Sex Workers and the Cost of Safe Sex: The Compensating Differential for Condom Use Among Calcutta Prostitutes
Posted: 15 Jan 2003
There have been almost no econometric studies of the market for prostitution despite the fact that perhaps the most important mode of HIV-AIDS transmission in developing countries is unprotected sex with sex workers. However, anecdotal evidence suggests that sex workers who use condoms face large income losses because clients have a preference for condom-free sex. The size of this compensating differential has important implications for AIDS policy. This paper uses a unique data set from a survey of sex workers in Calcutta, India to estimate the compensating differential for condom-use among prostitutes employing data from a random sample of sex workers in Calcutta. The bias resulting from unobserved heterogeneity common to compensating differentials estimates are corrected via a natural experiment - the non-systematic placement of sex workers in a safe sex information program - to identify the relationship between condom use and the price for sex. We find that sex workers who always use condoms face large losses of between 66 (FIML) and 79 per cent (IV).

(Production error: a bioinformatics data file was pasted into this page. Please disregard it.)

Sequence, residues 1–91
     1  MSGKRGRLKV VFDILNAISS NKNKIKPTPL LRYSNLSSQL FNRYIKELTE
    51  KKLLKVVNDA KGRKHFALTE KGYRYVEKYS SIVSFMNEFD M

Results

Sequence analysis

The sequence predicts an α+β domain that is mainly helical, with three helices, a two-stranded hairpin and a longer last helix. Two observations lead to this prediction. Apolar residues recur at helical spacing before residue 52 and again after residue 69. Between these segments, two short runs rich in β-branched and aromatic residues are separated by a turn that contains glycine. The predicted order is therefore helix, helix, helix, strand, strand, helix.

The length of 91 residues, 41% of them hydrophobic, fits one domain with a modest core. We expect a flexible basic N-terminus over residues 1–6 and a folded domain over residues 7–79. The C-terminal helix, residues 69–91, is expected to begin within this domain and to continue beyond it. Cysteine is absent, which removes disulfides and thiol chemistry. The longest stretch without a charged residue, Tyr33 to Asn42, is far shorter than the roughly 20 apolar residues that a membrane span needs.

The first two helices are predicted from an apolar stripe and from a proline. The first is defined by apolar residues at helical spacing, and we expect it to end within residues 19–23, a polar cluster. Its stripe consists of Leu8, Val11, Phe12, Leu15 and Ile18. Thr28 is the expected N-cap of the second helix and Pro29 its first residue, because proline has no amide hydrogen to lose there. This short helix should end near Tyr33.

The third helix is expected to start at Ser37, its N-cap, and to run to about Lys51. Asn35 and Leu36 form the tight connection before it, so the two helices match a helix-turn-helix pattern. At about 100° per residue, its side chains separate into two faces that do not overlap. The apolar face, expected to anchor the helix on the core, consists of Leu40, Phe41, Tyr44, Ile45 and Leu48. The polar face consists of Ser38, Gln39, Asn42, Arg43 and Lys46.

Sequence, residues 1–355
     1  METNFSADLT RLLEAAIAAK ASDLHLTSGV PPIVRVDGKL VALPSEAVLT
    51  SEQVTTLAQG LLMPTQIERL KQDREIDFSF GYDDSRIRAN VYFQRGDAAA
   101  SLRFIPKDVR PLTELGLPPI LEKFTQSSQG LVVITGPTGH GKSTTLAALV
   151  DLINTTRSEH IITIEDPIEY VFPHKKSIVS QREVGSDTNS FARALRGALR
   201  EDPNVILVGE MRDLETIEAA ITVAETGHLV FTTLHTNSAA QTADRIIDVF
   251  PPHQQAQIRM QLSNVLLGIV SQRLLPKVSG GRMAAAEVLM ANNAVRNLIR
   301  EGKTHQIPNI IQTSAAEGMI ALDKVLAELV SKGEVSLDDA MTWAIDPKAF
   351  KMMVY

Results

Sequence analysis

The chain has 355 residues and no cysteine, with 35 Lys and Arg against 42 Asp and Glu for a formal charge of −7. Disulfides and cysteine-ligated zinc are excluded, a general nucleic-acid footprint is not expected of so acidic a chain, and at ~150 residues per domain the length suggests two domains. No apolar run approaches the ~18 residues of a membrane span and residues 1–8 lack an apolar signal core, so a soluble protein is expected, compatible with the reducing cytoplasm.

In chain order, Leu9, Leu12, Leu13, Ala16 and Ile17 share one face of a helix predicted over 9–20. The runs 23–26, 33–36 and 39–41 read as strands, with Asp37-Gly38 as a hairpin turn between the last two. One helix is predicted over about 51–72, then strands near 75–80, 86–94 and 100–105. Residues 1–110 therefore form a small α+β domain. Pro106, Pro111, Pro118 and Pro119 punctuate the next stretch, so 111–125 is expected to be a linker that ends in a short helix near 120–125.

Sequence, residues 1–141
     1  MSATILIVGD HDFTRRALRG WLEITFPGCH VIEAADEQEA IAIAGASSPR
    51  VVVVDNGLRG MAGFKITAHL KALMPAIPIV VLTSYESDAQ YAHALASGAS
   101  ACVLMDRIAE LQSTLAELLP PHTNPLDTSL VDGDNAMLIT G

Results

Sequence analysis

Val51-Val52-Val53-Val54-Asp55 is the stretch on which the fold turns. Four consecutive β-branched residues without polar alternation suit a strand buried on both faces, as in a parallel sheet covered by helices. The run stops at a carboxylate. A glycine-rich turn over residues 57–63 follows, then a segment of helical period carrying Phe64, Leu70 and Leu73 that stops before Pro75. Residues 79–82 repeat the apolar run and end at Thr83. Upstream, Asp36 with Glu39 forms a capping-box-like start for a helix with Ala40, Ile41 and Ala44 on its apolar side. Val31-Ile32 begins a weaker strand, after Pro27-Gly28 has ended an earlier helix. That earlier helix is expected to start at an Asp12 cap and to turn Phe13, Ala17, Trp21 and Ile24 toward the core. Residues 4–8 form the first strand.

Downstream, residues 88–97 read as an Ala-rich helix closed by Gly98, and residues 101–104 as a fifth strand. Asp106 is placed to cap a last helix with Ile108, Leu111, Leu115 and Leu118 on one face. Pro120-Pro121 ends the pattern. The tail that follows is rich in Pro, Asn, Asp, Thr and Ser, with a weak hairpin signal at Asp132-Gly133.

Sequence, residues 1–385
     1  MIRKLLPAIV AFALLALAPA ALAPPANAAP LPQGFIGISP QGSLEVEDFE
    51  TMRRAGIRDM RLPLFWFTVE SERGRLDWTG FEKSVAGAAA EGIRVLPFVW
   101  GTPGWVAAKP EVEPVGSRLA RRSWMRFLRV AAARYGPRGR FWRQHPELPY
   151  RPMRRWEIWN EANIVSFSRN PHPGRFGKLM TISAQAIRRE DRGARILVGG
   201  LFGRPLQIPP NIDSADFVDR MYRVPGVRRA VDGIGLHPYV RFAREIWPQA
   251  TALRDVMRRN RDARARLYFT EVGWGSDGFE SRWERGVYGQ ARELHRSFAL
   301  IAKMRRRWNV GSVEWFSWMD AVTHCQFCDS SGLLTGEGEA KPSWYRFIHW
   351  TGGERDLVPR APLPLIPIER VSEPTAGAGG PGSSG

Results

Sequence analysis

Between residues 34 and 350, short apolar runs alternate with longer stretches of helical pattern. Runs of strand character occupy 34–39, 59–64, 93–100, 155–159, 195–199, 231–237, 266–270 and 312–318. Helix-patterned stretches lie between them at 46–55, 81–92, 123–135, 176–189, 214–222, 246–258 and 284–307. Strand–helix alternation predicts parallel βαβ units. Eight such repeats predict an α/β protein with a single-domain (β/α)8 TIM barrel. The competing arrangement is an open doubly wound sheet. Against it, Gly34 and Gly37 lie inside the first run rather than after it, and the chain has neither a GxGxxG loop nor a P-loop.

Keywords: HIV/AIDS, Economics of Prostitution, Compensating Differentials
JEL Classification: I12, J4, O12, J3
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